5 generic truth and mixed conjunctions 5 4. A new solution and an alternative diagnosis There are very few solutions to Tappolet s dilemma proposed in the literature. 5 In what follows, I provide a new solution to the problem that does not, as far as I can see, require a generic property of truth. And since it does not require the truth of conjunctions to be true in some distinct way, the new solution does not result in a proliferation of truth properties. The solution trades on the fact that there are natural solutions to analogous problems with negations and mixed disjunctions. Mixed negations of atomics do not exist, and so a negation is true in the same way that its negand is false (or false in the same way the negand is true). That is, we allow p to have the truth property for the domain of p. For negations of compounds, the same solution is available: a negated compound is true in the same way(s) the compound is false (or false in the same way(s) the compound is true). The more difficult cases concern other compounds. We might naturally suggest that a disjunction p _ q is true in the same way its true disjunct is. Supposing p is in domain m and q in domain n, let the disjunction be true m if p is true m, and let it be true n if q is true n. If both disjuncts are true, let the disjunction be true in both ways. Likewise, if a disjunction is false, it is false in both ways the disjuncts are false. These seem to be natural responses for negations and disjunctions. But if our propositional logic has De Morgan principles, p & q is equivalent to (p _q). It is available to the pluralist simply to treat conjunction as a defined connective, and to suggest that mixed conjunctions are true in a parallel way to mixed disjunctions. So, p & q is true in the way that p _q is false (by the truth conditions for negation). But p _q must be false in the way that p is false and the way that q is false (by the falsity conditions for disjunction). We have it that p is false in the same way that p is true, and q is false in the same way that q is true (by the falsity conditions for negation). Therefore, p & q will have the truth property for p and the truth property for q, but need not be true in some further way. This solution seems promising as it does not generate a generic truth property, it requires no distinct truth property for compounds, and it treats all truth-functional connectives in a unified way. 6 If, as Edwards appears to think, pluralists are required to do without a generic property of truth, there may be reason to explore this solution further. 5 Most of the literature is aimed at a related, yet different, problem of mixed inferences which is due to Tappolet (1997). See Beall 2000 and Pedersen The only published discussions of the mixed conjunction problem appear to be Williamson 1994, Tappolet 2000, Edwards 2008 and Lynch Lynch s forthcoming book (2009) also provides an extensive treatment. 6 Non-truth-functional compounds may well present further problems for pluralists, but discussion of this would be beyond the scope of this article.

6 6 aaron j. cotnoir I should note, however, that I do not endorse the above solution. This is because I see no reason to think that pluralists must avoid Tappolet s dilemma. In particular, while some pluralists reject the existence of a single generic truth property, 7 I suggest that Tappolet is wrong to argue that a single generic property of truth would make other truth properties redundant. Consider, for example, true c above. An acceptance of true c as a generic notion of truth would not make true 1,..., true n redundant or unnecessary. Since true c is defined as a disjunction of true 1,..., true n, it depends on these truth properties. On the contrary, it would seem that the existence of true 1,..., true n would make true c redundant, were it not for the problem of mixed conjunctions. In general, I suggest a pluralist can accept a generic truth property only if the generic property is defined by (or essentially dependent on) the other truth properties. Does accepting a generic truth property undermine the motivations for alethic pluralism? Pluralists often cite the varied and radical differences between propositions as their main motivation for positing multiple truth properties. 8 But defining a generic property of truth by disjoining the many domain-relative truth properties hardly undermines this motivation. The disjunctive property is generic only because the domain-relative properties have already captured the differences between the domains. The charge is akin to claiming that there is no difference between apples and numbers since one can always define a property of being either an apple or a number. Contrary to Edwards, his solution to the problem of mixed conjunctions does not avoid a generic truth property. What pluralists should learn from this, however, is that a generic truth property need not be avoided. 9 University of Connecticut Storrs, CT , USA References Beall, JC On mixed inferences and pluralism about truth predicates. The Philosophical Quarterly 50: Edwards, D How to solve the problem of mixed conjunctions. Analysis 68: For the most prominent example, see Wright s (1992) denial of a generic truth property. 8 See Lynch s scope problem (2004, 2009), or Sher s disunity challenge (2004). 9 Thanks to JC. Beall, Colin Caret, Douglas Edwards, Michael Lynch, Nikolaj Pedersen and Lionel Shapiro for valuable comments and discussion.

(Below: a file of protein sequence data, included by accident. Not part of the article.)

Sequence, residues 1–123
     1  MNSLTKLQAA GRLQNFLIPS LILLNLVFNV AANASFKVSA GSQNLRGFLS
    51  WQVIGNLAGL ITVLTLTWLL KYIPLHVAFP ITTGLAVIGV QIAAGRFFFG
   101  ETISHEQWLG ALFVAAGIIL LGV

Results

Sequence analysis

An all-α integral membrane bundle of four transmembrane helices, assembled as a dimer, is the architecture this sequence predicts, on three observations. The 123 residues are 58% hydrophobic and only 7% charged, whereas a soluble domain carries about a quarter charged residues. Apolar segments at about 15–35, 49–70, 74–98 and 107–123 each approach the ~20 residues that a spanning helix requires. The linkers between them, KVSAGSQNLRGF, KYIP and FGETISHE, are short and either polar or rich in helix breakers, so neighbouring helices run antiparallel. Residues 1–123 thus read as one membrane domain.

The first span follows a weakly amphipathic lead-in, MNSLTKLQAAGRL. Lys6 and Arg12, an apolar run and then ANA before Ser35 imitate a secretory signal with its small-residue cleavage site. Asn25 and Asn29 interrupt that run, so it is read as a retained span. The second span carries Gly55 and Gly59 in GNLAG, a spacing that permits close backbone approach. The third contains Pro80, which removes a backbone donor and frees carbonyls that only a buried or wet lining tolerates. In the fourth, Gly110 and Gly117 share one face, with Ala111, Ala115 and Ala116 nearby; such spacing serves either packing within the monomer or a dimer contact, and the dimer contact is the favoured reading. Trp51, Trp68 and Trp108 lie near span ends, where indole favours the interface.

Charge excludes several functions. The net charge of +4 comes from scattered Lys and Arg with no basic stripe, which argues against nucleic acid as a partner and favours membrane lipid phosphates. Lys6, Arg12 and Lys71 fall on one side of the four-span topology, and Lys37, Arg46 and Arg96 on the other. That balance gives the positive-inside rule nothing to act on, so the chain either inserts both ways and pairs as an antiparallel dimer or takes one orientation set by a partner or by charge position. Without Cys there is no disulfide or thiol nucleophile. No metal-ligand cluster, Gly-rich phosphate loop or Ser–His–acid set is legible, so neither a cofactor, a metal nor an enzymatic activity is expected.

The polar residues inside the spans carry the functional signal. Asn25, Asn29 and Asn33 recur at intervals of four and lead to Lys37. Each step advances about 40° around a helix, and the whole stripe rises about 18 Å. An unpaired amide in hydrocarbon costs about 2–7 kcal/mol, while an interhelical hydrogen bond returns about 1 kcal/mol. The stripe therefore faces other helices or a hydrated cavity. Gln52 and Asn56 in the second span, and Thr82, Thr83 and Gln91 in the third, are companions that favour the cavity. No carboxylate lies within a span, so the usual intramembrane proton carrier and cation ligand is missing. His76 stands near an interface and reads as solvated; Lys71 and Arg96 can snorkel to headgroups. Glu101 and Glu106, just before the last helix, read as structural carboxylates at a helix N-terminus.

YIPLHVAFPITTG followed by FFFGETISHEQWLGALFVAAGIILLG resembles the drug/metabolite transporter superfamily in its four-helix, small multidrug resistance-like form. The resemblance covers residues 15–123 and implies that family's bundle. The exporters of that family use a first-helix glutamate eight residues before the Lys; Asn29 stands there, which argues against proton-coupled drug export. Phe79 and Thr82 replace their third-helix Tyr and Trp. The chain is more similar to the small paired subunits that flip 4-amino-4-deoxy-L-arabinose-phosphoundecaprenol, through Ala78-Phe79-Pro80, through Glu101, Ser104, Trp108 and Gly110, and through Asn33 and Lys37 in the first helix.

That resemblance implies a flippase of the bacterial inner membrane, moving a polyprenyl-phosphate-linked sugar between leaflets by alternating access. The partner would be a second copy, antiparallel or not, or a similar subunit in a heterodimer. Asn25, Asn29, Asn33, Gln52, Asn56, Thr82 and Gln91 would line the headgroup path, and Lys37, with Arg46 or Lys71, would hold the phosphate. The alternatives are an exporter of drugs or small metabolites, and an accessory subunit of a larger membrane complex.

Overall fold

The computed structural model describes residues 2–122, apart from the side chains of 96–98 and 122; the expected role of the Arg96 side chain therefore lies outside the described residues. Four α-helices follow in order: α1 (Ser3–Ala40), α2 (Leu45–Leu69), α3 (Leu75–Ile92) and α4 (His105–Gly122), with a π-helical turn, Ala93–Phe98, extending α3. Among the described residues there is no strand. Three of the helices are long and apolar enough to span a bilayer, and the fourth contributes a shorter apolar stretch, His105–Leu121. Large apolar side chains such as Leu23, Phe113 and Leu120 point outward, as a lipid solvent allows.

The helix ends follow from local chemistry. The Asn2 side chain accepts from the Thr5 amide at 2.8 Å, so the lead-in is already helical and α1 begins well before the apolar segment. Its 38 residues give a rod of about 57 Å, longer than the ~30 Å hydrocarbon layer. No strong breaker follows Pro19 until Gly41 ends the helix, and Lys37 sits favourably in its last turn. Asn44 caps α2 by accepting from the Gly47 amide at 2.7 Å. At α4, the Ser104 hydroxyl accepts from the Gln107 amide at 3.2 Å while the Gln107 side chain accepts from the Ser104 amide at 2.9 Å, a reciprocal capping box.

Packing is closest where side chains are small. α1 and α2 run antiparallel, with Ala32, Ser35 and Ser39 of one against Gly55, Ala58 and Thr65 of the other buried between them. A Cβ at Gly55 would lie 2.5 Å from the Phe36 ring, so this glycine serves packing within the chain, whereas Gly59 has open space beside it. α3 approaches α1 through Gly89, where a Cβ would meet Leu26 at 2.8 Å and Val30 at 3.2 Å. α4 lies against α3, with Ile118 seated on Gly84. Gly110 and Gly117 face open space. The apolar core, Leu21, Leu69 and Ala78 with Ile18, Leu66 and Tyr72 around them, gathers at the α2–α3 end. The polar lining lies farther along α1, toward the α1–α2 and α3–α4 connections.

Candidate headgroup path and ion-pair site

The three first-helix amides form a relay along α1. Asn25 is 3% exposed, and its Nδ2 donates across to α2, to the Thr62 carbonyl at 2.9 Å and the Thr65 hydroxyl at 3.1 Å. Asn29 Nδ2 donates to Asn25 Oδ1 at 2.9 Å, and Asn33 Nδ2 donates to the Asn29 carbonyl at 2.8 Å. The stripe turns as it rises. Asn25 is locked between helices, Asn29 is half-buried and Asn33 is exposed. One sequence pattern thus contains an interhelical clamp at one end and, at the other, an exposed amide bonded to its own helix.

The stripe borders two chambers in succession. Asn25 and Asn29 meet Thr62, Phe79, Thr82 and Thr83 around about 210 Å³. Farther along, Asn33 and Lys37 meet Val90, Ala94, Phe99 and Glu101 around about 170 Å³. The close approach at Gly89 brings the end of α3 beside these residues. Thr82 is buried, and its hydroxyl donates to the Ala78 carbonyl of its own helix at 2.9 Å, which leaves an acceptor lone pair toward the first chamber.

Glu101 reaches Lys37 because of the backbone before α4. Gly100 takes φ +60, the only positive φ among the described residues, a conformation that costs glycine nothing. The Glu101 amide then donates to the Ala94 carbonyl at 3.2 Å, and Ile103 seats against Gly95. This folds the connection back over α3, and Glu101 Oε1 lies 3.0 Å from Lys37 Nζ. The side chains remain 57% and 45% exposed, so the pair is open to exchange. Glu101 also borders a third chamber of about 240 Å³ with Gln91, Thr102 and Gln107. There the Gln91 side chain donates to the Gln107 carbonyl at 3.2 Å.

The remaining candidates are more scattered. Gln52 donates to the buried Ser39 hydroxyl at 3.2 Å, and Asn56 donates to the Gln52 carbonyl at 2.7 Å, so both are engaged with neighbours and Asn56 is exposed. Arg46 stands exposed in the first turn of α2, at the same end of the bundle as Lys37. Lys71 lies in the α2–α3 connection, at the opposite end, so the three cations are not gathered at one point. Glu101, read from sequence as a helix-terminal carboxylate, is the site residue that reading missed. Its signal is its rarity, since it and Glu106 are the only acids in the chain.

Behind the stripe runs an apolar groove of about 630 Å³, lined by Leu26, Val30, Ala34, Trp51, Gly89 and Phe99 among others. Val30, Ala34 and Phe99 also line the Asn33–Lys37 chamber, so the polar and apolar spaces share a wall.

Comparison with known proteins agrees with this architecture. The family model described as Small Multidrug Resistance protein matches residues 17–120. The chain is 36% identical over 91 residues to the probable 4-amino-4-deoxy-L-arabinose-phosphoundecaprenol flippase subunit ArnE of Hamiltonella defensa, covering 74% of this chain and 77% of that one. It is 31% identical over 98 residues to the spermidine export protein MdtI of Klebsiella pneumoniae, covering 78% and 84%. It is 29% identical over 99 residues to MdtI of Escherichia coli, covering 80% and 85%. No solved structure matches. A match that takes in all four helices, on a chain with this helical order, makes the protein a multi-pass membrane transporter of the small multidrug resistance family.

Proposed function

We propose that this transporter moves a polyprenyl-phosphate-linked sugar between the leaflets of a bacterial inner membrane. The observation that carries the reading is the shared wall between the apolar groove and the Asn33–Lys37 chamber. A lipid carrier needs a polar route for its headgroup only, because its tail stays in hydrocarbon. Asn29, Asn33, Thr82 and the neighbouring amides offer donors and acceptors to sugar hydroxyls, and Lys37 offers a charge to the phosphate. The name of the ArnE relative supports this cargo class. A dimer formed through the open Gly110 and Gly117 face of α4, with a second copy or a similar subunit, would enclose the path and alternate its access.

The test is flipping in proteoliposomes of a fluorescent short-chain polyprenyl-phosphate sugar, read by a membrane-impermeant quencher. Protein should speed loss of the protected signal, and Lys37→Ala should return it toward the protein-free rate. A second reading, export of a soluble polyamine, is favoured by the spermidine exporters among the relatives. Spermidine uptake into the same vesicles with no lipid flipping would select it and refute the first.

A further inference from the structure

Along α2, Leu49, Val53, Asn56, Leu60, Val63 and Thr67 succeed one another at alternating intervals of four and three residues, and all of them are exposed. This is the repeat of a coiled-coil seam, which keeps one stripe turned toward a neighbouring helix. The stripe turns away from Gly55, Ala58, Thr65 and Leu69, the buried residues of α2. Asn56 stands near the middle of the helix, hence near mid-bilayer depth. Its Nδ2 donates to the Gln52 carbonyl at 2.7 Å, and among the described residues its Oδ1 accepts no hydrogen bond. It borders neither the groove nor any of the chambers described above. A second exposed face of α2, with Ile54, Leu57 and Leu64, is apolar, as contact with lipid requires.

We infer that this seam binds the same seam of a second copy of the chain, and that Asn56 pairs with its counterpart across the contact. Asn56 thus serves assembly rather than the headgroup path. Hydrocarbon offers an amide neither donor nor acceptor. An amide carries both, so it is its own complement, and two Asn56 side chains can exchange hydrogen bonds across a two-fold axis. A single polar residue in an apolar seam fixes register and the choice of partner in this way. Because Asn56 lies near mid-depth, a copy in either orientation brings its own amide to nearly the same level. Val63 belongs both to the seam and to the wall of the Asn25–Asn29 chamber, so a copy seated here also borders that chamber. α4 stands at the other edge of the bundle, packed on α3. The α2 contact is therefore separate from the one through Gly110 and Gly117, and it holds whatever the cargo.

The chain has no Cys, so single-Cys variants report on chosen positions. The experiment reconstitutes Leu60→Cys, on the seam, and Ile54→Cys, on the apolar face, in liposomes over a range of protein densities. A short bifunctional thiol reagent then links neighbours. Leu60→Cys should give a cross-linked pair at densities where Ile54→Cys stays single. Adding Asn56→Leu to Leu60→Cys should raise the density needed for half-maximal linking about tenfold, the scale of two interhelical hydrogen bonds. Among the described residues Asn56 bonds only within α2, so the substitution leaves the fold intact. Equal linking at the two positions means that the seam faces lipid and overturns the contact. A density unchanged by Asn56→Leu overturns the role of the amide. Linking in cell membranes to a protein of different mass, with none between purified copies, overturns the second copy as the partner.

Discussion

7 generic truth and mixed conjunctions 7 Lynch, M.P Truth and multiple realizability. Australasian Journal of Philosophy 82: Lynch, M.P Truth as One and Many: A Pluralist Manifesto. Oxford: Oxford University Press. Pedersen, N.J What can the problem of mixed inferences teach us about pluralism? The Monist 89: Sher, G In search of a substantive theory of truth. The Journal of Philosophy 101: Tappolet, C Mixed inferences: a problem for pluralism about truth predicates. Analysis 57: Tappolet, C Truth pluralism and many-valued logics: a reply to Beall. The Philosophical Quarterly 50: Williamson, T A critical study of truth and objectivity. International Journal of Philosophical Studies 30: Wright, C Truth and Objectivity. Cambridge, MA: Harvard University Press.